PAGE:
A lot can happen in a decade. Ten years ago, the music industry was still a semi-profitable machine. Record stores peppered streets throughout the country, and iPods and MP3s, if they were considered at all, were still considered “newfangled technology.” It was around that time that Cold War Kids appeared on the scene. In their formative years, the piano-bound and soul-inspired young rock act from Long Beach cut a few EPs, played some shows, and eventually scored a deal with up-and-coming imprint Downtown Records. But as the band came up, things started to shift. By the time 2006’s Robbers & Cowards hit shelves, music blogs had made their presence known, and Cold War Kids were poised to become one of the new indie rock’s first big success stories.
Propelled by the infectious first single “Hang Me Out to Dry,” Cold War Kids quickly generated a regional and then a national buzz. Tours, radio spots, and licensing deals quickly followed. And before long, the little band from Long Beach was headlining festivals around the world. In the years since, CWK have given us two solid new albums — 2008’s Loyalty to Loyalty and 2011’s Mine Is Yours — though neither has generated the critical fervor of Cowards.
This April, the band unveils Dear Miss Lonelyhearts, its fourth and possibly most fully realized effort yet. Named for and inspired by Nathanael West’s 1933 novel Miss Lonelyhearts, which is about a burdened advice columnist, the album deals in part with frontman Nathan Willett’s desire and struggle to connect with his audience. “The book’s main character struggles with giving people advice because he knows that their problems are so big that he can never really solve them,” he explained last week from his home in Los Angeles. “In making a fourth record, there was this aspect of the songwriting that wasn’t just for me. I think on this record I was more aware of wanting to show some wisdom. It’s not strictly advice, but in a way it sort of is. In a way, every songwriter is trying to give advice, either to themselves or someone else.”
While 2011’s Mine Is Yours found Cold War Kids traveling to Nashville, Tennessee, for a monthlong recording session, the making of Dear Miss Lonelyhearts proved to be a much more homespun affair. Rather than renting a studio, the band retreated to its longtime rehearsal space in San Pedro to write and record all of the songs on the record. “That was a big first for us,” said Willett of the experience.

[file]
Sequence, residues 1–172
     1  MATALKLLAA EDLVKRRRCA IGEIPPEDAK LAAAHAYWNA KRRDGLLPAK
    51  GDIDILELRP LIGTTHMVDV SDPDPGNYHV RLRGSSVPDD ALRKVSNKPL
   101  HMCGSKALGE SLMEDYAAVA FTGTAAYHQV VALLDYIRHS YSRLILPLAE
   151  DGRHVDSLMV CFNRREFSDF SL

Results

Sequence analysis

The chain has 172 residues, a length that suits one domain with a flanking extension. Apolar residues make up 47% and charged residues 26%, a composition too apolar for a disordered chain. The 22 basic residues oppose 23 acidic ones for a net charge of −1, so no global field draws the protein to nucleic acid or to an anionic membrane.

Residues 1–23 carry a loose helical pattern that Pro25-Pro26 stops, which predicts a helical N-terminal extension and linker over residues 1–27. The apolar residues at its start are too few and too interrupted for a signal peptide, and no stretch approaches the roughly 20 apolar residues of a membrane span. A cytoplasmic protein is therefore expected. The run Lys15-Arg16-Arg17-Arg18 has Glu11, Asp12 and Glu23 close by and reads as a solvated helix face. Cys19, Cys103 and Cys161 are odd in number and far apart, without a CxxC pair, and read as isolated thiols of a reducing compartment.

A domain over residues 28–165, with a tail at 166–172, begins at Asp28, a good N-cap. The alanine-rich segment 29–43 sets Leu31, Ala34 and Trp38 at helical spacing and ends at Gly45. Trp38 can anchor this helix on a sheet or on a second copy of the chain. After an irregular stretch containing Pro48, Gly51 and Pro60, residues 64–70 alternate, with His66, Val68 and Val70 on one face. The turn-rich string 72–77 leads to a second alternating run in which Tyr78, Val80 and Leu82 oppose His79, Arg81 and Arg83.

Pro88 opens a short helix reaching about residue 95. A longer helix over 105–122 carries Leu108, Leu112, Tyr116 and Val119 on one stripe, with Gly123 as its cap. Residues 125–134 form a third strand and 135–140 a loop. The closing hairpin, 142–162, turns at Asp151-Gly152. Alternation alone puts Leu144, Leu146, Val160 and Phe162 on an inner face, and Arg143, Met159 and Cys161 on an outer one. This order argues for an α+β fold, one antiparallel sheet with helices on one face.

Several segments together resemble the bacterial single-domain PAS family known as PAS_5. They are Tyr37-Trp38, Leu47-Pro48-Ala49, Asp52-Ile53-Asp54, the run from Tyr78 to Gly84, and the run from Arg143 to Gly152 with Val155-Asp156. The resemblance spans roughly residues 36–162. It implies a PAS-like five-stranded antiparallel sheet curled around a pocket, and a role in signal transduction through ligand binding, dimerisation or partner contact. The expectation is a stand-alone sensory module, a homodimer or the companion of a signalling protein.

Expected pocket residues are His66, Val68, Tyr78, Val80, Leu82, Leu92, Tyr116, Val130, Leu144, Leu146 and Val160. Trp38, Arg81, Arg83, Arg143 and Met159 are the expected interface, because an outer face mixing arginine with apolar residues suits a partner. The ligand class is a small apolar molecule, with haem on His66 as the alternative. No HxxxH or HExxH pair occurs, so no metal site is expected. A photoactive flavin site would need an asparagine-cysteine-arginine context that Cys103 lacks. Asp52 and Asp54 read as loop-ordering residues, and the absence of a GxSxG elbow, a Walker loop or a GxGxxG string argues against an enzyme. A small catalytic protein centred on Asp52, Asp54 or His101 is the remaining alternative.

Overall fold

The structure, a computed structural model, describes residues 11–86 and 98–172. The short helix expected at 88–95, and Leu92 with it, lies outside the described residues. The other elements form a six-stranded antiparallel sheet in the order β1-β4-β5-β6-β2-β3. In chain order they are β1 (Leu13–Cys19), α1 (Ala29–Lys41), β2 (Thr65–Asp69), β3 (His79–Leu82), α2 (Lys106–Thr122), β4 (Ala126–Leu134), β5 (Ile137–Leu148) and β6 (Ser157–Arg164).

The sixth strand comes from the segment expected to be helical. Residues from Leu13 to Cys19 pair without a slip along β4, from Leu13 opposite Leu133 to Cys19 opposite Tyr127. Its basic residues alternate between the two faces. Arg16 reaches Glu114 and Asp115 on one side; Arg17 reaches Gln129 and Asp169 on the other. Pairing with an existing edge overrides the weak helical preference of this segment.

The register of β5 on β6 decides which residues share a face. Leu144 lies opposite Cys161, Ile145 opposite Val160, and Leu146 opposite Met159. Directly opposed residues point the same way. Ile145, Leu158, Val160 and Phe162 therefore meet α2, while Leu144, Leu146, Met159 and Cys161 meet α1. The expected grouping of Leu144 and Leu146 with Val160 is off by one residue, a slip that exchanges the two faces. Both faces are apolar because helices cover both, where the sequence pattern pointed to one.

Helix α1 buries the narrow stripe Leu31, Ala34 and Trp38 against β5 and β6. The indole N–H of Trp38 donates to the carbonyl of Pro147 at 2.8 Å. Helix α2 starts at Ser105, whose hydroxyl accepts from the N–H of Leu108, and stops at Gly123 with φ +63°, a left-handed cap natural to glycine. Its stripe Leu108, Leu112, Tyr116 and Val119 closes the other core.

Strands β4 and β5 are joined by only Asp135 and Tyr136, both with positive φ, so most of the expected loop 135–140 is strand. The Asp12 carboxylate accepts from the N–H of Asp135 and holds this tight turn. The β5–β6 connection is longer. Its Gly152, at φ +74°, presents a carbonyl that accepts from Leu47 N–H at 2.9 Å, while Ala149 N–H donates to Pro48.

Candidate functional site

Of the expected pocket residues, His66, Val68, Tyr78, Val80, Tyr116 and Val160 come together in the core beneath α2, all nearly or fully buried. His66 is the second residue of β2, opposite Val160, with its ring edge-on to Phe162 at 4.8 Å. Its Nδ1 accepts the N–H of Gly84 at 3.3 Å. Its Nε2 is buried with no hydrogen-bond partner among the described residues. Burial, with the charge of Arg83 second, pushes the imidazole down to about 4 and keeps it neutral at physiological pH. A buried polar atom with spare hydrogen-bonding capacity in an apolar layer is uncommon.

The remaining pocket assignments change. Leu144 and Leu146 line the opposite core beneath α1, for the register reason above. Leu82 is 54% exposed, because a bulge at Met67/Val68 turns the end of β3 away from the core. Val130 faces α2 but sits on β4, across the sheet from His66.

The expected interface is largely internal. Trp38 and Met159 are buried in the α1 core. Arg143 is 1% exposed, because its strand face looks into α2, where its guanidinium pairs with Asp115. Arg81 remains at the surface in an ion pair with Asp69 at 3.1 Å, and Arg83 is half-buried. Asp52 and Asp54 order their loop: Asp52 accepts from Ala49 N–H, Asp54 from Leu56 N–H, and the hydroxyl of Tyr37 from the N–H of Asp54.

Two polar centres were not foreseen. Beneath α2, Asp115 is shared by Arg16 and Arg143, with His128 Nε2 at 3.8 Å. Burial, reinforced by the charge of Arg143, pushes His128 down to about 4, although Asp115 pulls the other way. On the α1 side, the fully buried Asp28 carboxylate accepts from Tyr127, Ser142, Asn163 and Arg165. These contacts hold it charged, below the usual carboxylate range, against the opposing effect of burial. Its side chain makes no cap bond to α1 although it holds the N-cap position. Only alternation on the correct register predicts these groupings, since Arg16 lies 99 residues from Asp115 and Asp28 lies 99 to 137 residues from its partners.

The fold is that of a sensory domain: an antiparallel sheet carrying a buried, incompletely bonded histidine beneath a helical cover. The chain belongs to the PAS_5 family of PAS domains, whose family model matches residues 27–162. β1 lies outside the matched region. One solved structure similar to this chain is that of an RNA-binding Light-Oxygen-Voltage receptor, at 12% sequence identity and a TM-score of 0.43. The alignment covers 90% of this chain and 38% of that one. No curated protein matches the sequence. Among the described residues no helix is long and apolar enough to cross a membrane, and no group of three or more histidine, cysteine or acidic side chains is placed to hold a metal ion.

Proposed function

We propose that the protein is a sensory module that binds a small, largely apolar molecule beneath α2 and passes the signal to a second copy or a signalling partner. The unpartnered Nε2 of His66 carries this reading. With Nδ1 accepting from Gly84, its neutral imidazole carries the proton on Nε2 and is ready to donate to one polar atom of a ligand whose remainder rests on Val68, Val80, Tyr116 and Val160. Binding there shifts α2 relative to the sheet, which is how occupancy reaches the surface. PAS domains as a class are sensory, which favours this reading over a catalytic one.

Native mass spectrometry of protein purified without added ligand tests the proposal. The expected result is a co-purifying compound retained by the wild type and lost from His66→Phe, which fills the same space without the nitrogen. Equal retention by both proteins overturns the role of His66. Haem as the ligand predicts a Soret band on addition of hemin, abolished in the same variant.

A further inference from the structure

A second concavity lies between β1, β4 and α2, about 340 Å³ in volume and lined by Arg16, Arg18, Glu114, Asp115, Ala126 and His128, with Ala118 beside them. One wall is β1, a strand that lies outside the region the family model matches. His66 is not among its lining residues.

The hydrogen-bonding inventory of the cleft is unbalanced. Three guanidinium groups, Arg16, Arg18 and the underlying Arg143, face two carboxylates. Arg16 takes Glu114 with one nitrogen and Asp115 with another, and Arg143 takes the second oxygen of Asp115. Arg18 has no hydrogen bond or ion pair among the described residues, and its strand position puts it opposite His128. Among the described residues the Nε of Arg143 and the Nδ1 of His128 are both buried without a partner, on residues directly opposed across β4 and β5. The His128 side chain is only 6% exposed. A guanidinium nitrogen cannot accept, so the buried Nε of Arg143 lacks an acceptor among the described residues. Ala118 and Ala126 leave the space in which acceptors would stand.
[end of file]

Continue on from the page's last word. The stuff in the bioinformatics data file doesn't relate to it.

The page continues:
With time — and money — on their side, they were able to explore different techniques, arrangements, and sounds throughout the recording process. “We just put the songs out there and let them go where it felt like they should go,” Willet recalled. “There were some songs that were really live and simple and didn’t change at all from just the four of us just playing them in a room, and then there’s the other half of the record that was much more of us playing certain parts and then replacing those parts with a synth line. We had a lot of freedom to just try things and make ourselves feel a little uncomfortable about where things were going.”
Our first taste of the results comes by way of “Miracle Mile,” the album’s piano-powered lead single. Like many of the most potent tracks from Robbers & Cowards, “Miracle Mile” builds until it feels like it might topple, propelled along by a forceful mix of blues guitar and parlor keys. As Willett recalls, it’s the perfect intro to Cold War Kids’ next chapter, even though it almost came too late. “That was the very last song that we did when we kind of thought we were done with the record. We had worked really hard and were trying to finish stuff. And then this song came up and was being kicked around, and we knew right away that we had to do it. I think one of the reasons it makes a lot of sense is because of the piano line. The structure of it is very old us and new us.”
While Miss Lonelyhearts finds them returning to their roots and their hometown digs, it also marks the first Cold War Kids album written and recorded without founding guitarist Jonnie Russell, who left the band in 2011 to pursue school full-time. In his place, the band recruited longtime friend and sound engineer Dann Gallucci, who also took on a coproducing role for Miss Lonelyhearts alongside producer Lars Stalfors.
“Dann’s position was interesting because he was playing and producing, and that’s just a crazy role,” said Willett. “I think this was definitely the most challenging relationship with producers that we’ve ever had. It’s easy to feel burned if you don’t have the trust with your producer, and we had a lot of trust with them. In some ways it was kind of the first time we had that relationship with guys who are our peers.”
As for the band’s staying power, Willett agrees that rolling with the punches is just one of the many keys to surviving. “It’s about not being afraid to evolve and makes changes really out of necessity. For us it’s kind of a combination of just being good to each other and figuring out how to grow as a person outside of it. Over 10 years, things change, and a lot of it is just patience.”
Cold War Kids play SOhO Restaurant & Music Club (1221 State St.) on Saturday, February 23, at 8 p.m. Call (805) 962-7776 or visit clubmercy.com for info.